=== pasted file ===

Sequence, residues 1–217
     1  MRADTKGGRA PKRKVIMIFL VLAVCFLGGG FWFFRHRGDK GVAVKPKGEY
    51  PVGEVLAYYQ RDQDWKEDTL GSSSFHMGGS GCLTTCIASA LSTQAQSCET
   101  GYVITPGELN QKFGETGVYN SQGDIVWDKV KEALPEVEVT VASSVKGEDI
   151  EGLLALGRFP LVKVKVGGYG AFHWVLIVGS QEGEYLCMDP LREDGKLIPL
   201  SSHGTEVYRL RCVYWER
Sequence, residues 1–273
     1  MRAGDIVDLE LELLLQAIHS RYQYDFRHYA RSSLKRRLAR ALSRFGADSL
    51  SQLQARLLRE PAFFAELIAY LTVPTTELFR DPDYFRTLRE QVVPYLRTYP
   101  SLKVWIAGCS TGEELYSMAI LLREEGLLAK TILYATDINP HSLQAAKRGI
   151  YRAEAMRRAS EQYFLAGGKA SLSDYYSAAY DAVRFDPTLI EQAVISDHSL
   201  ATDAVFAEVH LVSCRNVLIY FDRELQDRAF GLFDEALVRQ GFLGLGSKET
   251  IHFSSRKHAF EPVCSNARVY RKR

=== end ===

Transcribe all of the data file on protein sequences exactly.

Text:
Sequence, residues 1–217
     1  MRADTKGGRA PKRKVIMIFL VLAVCFLGGG FWFFRHRGDK GVAVKPKGEY
    51  PVGEVLAYYQ RDQDWKEDTL GSSSFHMGGS GCLTTCIASA LSTQAQSCET
   101  GYVITPGELN QKFGETGVYN SQGDIVWDKV KEALPEVEVT VASSVKGEDI
   151  EGLLALGRFP LVKVKVGGYG AFHWVLIVGS QEGEYLCMDP LREDGKLIPL
   201  SSHGTEVYRL RCVYWER
Sequence, residues 1–273
     1  MRAGDIVDLE LELLLQAIHS RYQYDFRHYA RSSLKRRLAR ALSRFGADSL
    51  SQLQARLLRE PAFFAELIAY LTVPTTELFR DPDYFRTLRE QVVPYLRTYP
   101  SLKVWIAGCS TGEELYSMAI LLREEGLLAK TILYATDINP HSLQAAKRGI
   151  YRAEAMRRAS EQYFLAGGKA SLSDYYSAAY DAVRFDPTLI EQAVISDHSL
   201  ATDAVFAEVH LVSCRNVLIY FDRELQDRAF GLFDEALVRQ GFLGLGSKET
   251  IHFSSRKHAF EPVCSNARVY RKR